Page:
JPMorgan Asset Doesn’t Think Much of Taiwan’s Stock Rally

JPMorgan Asset Doesn’t Think Much of Taiwan’s Stock Rally

Outside of megacap Taiwan Semiconductor Manufacturing Co., Taiwan’s equity universe looks increasingly unappealing to  Howard Wang.

Wang, who oversees JPMorgan Asset Management’s Greater China fund, has cut its Taiwan holdings to 18 percent of the total from 25 percent two years ago, even as the island’s shares rallied. Almost half of that allocation is TSMC, which makes chips for companies such as Apple Inc.

“We’ve gotten to the stage where other than TSMC, Taiwan has really hit a plateau,” Hong Kong-based Wang said in an interview. “You have a very export-driven economy whose currency just appreciated 7 percent this year against the dollar — that’s not very helpful. You also have an aging workforce and I think something that can’t be quantified is corporate fatigue in Taiwan. I see too many Chinese companies gaining market share from Taiwanese competitors.”

With a market capitalization of $205 billion, TSMC is one of the world’s largest companies. It alone accounts for more than half of the MSCI Taiwan Index’s 45 percent advance since January 2016. The shares trade near a record high, even as concern over demand for Apple’s products weighs on other suppliers. Foreign investors own 80 percent of the stock.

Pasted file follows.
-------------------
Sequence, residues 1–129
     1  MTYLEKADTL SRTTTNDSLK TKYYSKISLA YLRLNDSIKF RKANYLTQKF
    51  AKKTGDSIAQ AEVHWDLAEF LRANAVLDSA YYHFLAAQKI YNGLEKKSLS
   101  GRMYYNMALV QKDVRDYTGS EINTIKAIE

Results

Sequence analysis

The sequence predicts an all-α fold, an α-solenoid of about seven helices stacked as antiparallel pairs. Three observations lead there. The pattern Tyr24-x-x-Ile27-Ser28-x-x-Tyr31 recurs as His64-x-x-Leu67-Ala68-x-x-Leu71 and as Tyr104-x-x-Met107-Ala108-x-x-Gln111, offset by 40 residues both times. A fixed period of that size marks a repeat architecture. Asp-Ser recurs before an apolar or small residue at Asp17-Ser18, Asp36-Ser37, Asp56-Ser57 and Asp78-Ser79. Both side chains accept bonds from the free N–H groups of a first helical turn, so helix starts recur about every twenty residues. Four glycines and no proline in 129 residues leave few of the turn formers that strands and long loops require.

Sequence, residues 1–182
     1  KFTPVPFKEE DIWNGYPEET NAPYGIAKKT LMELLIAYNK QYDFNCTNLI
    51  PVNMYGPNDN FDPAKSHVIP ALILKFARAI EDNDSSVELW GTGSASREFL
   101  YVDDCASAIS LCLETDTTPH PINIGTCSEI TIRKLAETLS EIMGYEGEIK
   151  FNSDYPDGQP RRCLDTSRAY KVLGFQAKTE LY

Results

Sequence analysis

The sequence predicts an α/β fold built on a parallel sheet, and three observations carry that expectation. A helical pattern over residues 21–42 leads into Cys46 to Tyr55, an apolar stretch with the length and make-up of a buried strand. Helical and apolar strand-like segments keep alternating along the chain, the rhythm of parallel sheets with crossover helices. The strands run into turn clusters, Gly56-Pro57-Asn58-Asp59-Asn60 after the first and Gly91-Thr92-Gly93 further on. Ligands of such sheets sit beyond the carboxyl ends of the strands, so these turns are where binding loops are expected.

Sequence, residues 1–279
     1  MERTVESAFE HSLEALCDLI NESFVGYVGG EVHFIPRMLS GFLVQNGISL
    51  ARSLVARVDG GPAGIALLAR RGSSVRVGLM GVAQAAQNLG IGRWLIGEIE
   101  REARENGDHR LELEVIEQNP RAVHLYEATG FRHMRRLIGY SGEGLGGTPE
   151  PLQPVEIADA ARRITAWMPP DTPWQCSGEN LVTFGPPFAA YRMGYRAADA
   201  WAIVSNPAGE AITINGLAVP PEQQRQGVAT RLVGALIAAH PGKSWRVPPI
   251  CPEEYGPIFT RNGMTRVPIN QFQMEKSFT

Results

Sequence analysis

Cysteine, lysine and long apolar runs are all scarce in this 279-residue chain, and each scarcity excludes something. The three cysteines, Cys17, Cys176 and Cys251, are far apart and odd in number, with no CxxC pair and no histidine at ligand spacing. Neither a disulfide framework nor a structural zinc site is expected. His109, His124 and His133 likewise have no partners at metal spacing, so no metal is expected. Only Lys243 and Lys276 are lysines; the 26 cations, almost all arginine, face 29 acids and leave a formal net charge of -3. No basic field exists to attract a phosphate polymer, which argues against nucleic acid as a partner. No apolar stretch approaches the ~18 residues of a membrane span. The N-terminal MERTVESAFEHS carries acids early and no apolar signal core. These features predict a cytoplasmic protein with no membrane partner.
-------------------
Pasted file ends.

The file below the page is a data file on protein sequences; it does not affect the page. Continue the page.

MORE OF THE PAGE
While jitters over Apple sales spurred net outflows of $2.2 billion from Taiwan equities last quarter, the island’s shares remain a favorite destination for international funds. For the year, inflows stand at $8.4 billion, the most among 10 Asian markets tracked by Bloomberg. A tax benefit means Taiwanese shares also tend to pay higher dividends — another draw for investors.

There are still areas where Taiwan can win, said Wang, the former head of Goldman Sachs Group Inc.’s Taiwan office. JPMorgan Asset’s Taiwan fund favors stocks in export niches such as high-end auto parts, textiles and precision components, he said.

“Taiwan has the ability to do a lot of workshop, high-complexity type of items and do those well,” he said. “When Taiwanese companies are in spaces where you can apply a lot of capital, a lot of cheap labor, they’re just getting slaughtered right now by the Chinese.”

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